Putin remained true to these methods, while upping the ante and making no secret of his intent to reestablish a Russian empire. Naturally, like most modern-day imperialists, he didn’t call it that. Instead, the preferred terminology centered on reestablishing Russia’s historical territories, protecting Russian language and minorities, providing security to the non-Russian states, and ensuring that their domestic and foreign policies did not contravene perceived Russian interests — which were, above all, the rejection of people power, democracy, Western alliances and liberal values.
Unlike Yeltsin, who preferred to eschew violence (the First Chechen War, which Russia lost, being the main exception), Putin embraced it, realizing that “soft power” went only so far in his attempt to reestablish Russian imperial control. Russia could support local satraps willing to convert their states into vassals, but too many non-Russians had crazy notions about self-determination and human rights and were willing to go to great lengths to preserve their nations’ sovereignty. The Chechens were crushed in Putin’s first war, 1999-2008. They were followed by the Georgians in 2008 and the ever-troublesome Ukrainians in 2014-2023.
Strictly speaking, Ukraine’s current effort to resist Russian imperialism is less a case of decolonization — after all, the new Russian empire has not yet been established — than a case of anti-imperialism: of opposition to the establishment of a Russian empire. In that sense, Ukraine’s ongoing armed opposition is just a continuation of the nonviolent opposition it has pursued since achieving independence in 1991.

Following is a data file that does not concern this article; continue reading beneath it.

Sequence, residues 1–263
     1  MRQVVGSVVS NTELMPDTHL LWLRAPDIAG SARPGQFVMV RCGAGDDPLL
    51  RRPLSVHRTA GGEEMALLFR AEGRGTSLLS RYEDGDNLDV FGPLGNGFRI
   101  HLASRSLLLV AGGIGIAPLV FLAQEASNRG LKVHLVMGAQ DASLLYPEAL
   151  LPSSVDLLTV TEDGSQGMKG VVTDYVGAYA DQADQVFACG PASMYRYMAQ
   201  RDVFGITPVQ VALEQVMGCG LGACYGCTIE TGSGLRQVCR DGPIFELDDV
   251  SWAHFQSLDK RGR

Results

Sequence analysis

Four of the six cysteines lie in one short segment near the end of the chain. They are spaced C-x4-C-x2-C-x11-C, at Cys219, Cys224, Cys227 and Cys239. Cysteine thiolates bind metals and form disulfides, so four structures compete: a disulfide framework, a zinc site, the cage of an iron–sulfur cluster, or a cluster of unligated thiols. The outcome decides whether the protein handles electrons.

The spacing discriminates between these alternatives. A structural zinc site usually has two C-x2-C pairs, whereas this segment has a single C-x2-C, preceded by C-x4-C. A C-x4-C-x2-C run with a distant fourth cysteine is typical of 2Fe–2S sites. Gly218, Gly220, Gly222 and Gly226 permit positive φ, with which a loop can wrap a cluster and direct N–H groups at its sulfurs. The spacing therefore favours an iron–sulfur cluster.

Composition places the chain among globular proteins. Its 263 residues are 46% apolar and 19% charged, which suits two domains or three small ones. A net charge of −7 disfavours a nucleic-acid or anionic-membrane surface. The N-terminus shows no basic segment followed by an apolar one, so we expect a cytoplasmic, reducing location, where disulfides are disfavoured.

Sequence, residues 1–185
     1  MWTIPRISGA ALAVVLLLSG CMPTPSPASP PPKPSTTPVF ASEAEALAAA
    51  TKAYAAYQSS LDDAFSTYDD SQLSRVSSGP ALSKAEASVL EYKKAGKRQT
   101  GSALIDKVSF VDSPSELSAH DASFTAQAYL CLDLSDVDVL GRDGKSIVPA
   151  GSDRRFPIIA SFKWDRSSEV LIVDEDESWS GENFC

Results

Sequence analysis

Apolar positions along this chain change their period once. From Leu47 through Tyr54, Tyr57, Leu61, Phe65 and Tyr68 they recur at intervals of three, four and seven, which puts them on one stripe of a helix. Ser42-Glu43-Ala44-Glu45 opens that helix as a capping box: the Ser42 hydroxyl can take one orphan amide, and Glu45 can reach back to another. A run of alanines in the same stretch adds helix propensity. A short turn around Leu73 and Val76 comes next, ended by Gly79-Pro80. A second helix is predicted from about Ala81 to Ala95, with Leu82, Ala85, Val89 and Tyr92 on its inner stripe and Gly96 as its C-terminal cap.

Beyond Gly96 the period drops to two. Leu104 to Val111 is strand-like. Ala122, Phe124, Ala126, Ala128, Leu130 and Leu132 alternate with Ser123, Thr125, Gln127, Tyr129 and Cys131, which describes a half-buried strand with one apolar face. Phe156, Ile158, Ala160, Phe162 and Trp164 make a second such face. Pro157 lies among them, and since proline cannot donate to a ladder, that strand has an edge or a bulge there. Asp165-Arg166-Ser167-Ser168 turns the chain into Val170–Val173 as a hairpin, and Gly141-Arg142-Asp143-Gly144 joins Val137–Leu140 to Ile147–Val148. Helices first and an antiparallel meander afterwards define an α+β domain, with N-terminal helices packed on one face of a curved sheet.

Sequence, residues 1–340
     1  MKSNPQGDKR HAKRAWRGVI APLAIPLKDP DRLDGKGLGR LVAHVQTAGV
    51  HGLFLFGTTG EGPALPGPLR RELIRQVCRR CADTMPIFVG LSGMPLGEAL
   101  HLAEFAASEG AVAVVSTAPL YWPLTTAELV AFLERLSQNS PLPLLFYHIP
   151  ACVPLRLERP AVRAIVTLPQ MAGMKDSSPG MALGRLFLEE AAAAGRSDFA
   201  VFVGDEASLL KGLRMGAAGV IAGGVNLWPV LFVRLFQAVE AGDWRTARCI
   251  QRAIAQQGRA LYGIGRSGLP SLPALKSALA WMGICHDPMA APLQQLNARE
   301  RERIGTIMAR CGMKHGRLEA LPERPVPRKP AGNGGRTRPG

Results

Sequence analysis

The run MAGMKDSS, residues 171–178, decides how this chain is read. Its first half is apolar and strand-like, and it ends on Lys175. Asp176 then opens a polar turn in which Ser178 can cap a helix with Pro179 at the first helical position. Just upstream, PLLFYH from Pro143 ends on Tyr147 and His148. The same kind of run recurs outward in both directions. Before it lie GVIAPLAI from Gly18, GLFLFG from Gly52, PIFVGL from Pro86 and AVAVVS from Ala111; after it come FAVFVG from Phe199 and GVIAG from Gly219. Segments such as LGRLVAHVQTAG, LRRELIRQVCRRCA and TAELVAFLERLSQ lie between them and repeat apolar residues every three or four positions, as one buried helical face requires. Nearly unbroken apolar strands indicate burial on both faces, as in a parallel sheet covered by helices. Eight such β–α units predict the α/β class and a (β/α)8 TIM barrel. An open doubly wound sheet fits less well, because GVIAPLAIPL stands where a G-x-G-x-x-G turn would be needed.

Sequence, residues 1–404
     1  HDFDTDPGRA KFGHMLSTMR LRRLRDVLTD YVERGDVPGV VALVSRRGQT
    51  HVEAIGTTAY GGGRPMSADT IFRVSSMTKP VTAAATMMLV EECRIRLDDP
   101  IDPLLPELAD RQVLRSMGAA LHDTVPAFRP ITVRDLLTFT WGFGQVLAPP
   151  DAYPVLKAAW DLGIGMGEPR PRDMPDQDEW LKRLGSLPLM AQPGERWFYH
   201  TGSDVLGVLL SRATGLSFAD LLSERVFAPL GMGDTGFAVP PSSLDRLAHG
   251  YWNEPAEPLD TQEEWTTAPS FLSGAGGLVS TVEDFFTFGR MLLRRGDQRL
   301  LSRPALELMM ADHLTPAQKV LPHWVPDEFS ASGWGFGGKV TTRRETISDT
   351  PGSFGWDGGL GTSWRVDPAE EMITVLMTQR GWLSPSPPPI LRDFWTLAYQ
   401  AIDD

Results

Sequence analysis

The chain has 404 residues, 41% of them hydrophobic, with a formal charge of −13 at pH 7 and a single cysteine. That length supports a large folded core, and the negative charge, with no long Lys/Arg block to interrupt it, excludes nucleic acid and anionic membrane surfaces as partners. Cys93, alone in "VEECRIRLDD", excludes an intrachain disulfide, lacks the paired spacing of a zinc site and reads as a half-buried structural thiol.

Call it what you will, Ukrainian resistance is the only thing that stands in the way of Putin’s Russian empire. This means two things.
First, Ukraine should be the darling of the Global South, inasmuch as its struggle is identical to theirs. By refusing to condemn Russia and support Ukraine, the former European colonies of Asia, Africa and the Middle East are effectively depriving themselves of whatever legitimacy they acquired from their anti-imperial struggles. If opposition to imperialism doesn’t matter in all colonies, then it matters in none. And if it matters to none, then the countries of the Global South should stop bemoaning the lingering effects of their colonial legacies.
Second, Westerners who wonder whether supporting Ukraine is worth the effort should realize that the war isn’t just about Ukraine, however worthy it might be of being spared genocide. The war is about Russian imperialism and the Russian empire. If Ukraine wins, Russia’s imperial projects could end. If Russia wins, its imperial projects will be invigorated and legitimized. Kazakhstan, Georgia, Poland and the Baltic states will be next to experience imperial Russia’s wrath — and then it won’t be Ukrainian blood that will be spilled.
It’ll be American, British, German and French blood.
Alexander J. Motyl is a professor of political science at Rutgers University-Newark. A specialist on Ukraine, Russia and the USSR, and on nationalism, revolutions, empires and theory, he is the author of 10 books of nonfiction, as well as “Imperial Ends: The Decay, Collapse, and Revival of Empires” and “Why Empires Reemerge: Imperial Collapse and Imperial Revival in Comparative Perspective.”